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Through My Window Going Global

Aug 29, 2017 | By: Isabel Huff

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Note:  After a long absence, the Through My Window team is back to blogging. Enjoy this post by Yamanda, a former Through My Window instructional designer who now lives in Denmark.

Through My Window went across the Atlantic Ocean in June for a week long summer program at Copenhagen International School, Denmark. I led a course from 9:30-3:30 for 6 students ages 12-16 titled Exploring Engineering Design & Artificial Intelligence with Through My Window.

I tailored Through My Window’s three components—book, learning adventures, and enrichment activities—to fit the needs and interests of my students.

We dedicated a couple of hours a day to listening to the Talk to Me audiobook. Using the audiobook was a great way for ESL students (half of the group) to follow along.  We paused every couple of chapters to review what happened in the story and talk about the discussion questions in the Through My Window novel guide.  The questions helped us explore how aspects of engineering design and artificial intelligence (AI) are present in the novel. We also made character profiles, and students really connected with the characters, especially Rio and Catalina. When we finished the novel, their first question was: Where can I buy the second book?!

Students were really engaged by the online learning adventures as well.  In the Rio’s Brain adventure, students shared their ideas with each other in their online journals, getting a chance to do some knowledge building and improve their collective understanding of artificial intelligence.

We also used the offline enrichment activities.  Within the AI’s the Limit! activity, the question that inspired the most discussion was whether or not iPhones could think. This question actually turned into a student-led debate! Students’ opinions were split, and we ended up taking the afternoon to set up a debate.  They had the opportunity to research examples and arguments to support their ideas. This was a great example of how Through My Window could be tweaked for older students.

The most exciting part of the week for my students was using what they learned about the design cycle and AI to come up with their very own animal-inspired robots.  Using animals as inspiration integrated another important engineering idea—biomimicry. This was originally a 55-min project in the Through My Window lesson plans, but students were so engaged with their ideas, we decided to make it a 3-day project where they would pick an animal and explore how its characteristics could help people. After choosing an animal, they went through the steps of the design cycle to come up with a design and prototype for an animal-inspired robot. The results were terrific! From a Beaver-Bot whose primary function is to efficiently build less expensive homes for neighborhoods in need to a Narwhal Horn Robot whose aim is to gather information on changes in temperature in unattainable parts of oceans.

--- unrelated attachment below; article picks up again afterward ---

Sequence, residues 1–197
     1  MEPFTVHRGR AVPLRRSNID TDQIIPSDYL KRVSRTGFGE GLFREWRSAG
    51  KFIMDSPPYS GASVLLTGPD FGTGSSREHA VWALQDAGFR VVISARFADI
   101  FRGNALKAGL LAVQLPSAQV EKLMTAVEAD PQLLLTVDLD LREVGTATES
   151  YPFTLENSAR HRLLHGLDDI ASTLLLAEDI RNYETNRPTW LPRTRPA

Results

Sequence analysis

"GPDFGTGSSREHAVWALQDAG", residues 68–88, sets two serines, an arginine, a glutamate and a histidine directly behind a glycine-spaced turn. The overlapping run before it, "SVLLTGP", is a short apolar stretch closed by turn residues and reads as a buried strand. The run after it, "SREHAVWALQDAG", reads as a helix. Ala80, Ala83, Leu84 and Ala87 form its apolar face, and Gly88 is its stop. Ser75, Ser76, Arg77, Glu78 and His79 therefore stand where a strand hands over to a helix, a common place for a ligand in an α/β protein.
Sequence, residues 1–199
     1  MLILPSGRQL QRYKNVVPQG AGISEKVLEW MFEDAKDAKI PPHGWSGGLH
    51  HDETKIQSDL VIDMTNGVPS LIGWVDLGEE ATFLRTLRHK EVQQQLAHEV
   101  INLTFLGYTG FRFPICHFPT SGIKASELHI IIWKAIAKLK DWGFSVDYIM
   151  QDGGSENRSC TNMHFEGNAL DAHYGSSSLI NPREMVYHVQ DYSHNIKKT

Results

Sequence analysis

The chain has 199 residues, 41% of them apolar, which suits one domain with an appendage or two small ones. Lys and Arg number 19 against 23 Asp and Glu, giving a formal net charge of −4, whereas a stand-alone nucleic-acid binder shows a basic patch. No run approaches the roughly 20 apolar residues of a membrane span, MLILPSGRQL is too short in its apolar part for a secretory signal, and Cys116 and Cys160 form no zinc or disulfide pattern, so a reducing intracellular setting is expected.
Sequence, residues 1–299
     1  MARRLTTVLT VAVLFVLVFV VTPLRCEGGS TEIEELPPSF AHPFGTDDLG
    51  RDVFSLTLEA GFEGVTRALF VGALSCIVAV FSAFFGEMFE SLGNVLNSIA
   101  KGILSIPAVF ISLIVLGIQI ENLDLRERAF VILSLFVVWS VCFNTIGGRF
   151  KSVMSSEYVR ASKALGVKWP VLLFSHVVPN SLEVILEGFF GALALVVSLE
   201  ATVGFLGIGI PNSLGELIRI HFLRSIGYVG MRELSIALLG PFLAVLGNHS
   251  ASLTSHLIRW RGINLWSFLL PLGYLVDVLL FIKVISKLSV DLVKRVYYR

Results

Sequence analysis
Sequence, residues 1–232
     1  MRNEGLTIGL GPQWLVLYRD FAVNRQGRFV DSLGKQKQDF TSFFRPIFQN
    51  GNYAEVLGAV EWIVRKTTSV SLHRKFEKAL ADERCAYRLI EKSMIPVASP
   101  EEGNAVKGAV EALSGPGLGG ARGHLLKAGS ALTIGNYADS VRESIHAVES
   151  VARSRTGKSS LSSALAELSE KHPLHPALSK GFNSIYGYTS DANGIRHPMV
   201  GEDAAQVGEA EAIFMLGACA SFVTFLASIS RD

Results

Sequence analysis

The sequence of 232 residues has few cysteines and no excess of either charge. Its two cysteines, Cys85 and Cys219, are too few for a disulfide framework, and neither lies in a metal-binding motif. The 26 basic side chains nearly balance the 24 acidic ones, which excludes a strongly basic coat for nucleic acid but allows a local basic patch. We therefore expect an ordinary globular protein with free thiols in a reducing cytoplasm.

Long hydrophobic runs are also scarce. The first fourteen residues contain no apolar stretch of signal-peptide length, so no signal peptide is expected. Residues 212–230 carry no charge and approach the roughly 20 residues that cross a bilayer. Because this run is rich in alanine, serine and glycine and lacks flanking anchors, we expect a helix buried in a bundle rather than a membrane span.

Dedicating an entire week to Through My Window was a really great way for students to gain hands-on experience with a variety engineering topics through multiple media and activities. Our class discussions and knowledge building exercises developed into incredible conversations where students had the chance to showcase and experience deep and meaningful learning. It was also a great experience for me as a teacher, having a good balance between structure and flexibility of the curriculum. Students couldn't believe the week was over on the last day, and hoped they had more time and materials to actually build their robot prototypes. Although it only lasted a week, this course gave students the chance to explore engineering and discover STEM fields in a fun and meaningful way.


Yamanda worked on Through My Window during her time as a Smith College undergraduate.  She is now in her final year of pursuing an MA in Anthropology of Education and Globalisation at the Danish School of Education, Aarhus University in Copenhagen, Denmark.  As part of earning her degree, Yamanda is doing fieldwork at the Microsoft Development Center Copenhagen, working with the communications team and evaluating their initiatives to inspire high school girls to pursue careers in STEM.


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This material is based upon work supported by the National Science Foundation under Grant Nos. 1223868 and 1223460.  Any opinions, findings, and conclusions or recommendations expressed in this material are those of the author(s) and do not necessarily reflect the views of the National Science Foundation.

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